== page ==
Don’t get scammed
One of Calgary’s most wanted, Kristopher Nicholas Cook, 28, was arrested in Victoria B.C. on Sept. 11 on two counts of fraud over $5,000. Cook held a fundraiser at Calgary nightclub Broken City in July, 2011 to raise money for his cancer treatments. It came to light shortly after that Cook had lied about having cancer. Through a variety of social media sites – a Tumblr blog, Reddit, Facebook, Twitter – acquaintances of Cook’s began to piece together the story.
While despicable, it’s certainly not the first time someone has pretended to have an illness for their own financial gain.
In 2010, 23-year-old Ashley Kirilow of Burlington, Ont. faked cancer through an online fundraising campaign. She was sent to Disneyland and made thousands of dollars before being caught. Wikipedia lists 12 additional high-profile cancer scams.
The most notable case, Shona Holmes, claimed to have a life-threatening brain tumor that was not operated on by the Canadian healthcare system in a timely manner. Holmes went on to sue the Ontario provincial government, testify before US Congress, and appear in Republican ads seeking to repeal the Affordable Health Care Act in the United States. The American clinic that treated Holmes insists that she had a cyst that would have eventually caused her to go blind, but as she refuses to release her medical records, this has yet to be independently confirmed.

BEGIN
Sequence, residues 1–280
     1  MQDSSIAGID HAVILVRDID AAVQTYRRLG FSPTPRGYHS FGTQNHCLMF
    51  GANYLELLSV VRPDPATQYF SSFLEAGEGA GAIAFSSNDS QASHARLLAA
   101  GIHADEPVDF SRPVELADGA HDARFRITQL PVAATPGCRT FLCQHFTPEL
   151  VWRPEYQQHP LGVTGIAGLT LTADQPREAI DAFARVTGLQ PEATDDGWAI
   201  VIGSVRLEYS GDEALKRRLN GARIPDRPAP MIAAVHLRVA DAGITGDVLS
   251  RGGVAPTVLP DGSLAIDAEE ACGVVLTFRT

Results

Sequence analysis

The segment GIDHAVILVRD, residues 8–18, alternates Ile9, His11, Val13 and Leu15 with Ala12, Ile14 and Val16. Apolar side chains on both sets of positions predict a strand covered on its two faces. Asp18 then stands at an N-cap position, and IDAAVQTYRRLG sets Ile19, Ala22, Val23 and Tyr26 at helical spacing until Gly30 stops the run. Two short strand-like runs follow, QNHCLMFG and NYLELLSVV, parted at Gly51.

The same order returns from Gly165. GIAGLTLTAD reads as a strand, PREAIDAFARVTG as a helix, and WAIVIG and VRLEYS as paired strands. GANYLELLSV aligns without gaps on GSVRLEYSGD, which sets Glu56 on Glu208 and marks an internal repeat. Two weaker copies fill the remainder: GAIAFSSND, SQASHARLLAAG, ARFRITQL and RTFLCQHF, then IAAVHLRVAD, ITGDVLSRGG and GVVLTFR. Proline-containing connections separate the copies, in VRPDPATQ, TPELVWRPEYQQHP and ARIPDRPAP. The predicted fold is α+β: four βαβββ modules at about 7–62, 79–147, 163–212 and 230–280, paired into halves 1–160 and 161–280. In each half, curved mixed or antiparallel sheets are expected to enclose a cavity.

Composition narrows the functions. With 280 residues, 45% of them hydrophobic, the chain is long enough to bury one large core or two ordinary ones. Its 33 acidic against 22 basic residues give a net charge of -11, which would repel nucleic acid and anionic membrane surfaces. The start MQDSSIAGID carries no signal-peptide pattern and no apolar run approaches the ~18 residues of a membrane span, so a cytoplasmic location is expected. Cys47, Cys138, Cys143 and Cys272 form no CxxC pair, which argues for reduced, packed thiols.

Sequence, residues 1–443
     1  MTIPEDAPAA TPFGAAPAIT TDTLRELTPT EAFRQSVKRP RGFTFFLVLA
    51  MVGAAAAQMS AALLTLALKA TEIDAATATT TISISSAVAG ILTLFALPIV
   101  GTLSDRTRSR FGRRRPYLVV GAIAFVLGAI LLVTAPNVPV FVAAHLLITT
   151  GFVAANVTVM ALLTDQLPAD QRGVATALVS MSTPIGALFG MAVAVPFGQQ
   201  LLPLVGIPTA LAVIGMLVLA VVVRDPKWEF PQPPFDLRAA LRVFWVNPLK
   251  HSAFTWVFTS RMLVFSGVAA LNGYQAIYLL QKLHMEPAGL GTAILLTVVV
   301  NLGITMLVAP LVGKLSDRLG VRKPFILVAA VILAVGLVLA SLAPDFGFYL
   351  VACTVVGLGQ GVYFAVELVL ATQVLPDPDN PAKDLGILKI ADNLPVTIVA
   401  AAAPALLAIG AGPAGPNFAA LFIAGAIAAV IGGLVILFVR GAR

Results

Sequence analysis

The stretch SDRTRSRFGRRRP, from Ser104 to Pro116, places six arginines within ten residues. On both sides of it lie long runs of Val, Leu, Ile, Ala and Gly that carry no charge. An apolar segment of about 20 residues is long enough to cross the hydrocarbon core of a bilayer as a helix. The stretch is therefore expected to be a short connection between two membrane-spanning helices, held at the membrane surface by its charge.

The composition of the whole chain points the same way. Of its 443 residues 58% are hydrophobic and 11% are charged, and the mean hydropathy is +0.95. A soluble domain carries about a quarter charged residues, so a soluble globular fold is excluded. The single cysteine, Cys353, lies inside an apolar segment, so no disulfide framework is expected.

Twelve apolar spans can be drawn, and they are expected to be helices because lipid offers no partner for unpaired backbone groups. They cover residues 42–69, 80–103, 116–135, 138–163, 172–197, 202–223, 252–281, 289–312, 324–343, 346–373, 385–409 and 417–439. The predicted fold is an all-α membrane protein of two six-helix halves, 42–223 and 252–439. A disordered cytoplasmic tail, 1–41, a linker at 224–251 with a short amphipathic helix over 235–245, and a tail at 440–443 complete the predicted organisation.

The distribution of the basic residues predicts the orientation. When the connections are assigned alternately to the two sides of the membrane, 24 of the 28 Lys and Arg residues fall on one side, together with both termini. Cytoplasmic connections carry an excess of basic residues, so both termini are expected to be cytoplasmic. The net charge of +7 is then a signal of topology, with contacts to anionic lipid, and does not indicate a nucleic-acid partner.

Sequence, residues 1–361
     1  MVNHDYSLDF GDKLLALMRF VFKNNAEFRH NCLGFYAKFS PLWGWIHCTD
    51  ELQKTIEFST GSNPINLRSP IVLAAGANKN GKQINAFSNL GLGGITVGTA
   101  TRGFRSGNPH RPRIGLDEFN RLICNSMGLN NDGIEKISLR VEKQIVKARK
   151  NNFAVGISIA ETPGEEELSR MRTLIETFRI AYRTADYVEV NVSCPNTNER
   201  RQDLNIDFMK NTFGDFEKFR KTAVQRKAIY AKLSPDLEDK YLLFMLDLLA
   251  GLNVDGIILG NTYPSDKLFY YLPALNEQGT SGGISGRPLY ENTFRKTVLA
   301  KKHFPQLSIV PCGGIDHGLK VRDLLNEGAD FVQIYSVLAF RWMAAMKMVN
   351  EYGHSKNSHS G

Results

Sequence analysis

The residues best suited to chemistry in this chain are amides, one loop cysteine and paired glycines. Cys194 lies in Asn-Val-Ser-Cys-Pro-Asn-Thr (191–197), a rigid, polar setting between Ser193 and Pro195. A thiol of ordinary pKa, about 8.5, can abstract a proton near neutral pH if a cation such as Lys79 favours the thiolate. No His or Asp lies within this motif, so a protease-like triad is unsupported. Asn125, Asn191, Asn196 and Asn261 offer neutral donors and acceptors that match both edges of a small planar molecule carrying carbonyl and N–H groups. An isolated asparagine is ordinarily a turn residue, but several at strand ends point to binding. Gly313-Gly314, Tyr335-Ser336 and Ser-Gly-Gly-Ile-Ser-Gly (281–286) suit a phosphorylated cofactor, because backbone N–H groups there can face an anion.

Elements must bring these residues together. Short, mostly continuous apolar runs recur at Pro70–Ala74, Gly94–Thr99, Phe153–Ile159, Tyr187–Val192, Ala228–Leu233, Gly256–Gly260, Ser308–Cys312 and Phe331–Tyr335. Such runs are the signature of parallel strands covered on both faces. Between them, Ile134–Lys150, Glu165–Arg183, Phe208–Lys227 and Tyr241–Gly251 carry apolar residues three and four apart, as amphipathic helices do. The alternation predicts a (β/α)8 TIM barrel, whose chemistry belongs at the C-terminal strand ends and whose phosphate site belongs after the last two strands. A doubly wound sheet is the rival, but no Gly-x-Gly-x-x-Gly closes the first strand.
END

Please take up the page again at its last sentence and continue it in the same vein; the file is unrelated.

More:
Obviously, most of the fault lies with the people who perpetrate these schemes. However, some blame can be put on those who didn’t bother to look into the cases a little deeper.
After Holmes had her first televised appearance and began to publish opinion editorials in American papers, notable Canadians such as Jack Layton as well as doctors and neurosurgeons began to speak up. Holmes refused to release paperwork showing her medical records.
In Cook’s case, friends were giving Cook money, driving him to and from “medical appointments”, and doing his work for him – all without hearing the names of his doctors, seeing medication he was taking, or even being allowed to accompany him inside at the hospital. Although it might be harsh to expect a friend to verify these things, Cook had a history of theft and lies – being fired for shoplifting from the Rocket on 17th ave., saying he was Jewish (he is not), and saying that his sister had died of cancer (Cook never had a sister). Suspicions only began to be raised after Cook was frequently partying and abusing drugs and alcohol late into the night after supposed radiation treatments, and when he came home with a new Macbook Pro the night after the fundraiser.
It’s important to be wary of unsubstantiated claims people make, especially in Cook’s case when he didn’t have a single person backing up his story.
If Broken City had asked for one medical document before agreeing to host a fundraiser, perhaps a few hundred people wouldn’t have been duped out of their money. Although it crosses into victim-blaming, it’s important to have self-awareness and to question things. If you wouldn’t believe a guy on the street who asks for twenty bucks to get a bus ticket back home, or a Nigerian prince who emails you with a “very good business proposition”, why would you believe someone who says, “Hey, I’ve got cancer, help me out with some cash”?
As most students already know, it’s important to check your sources.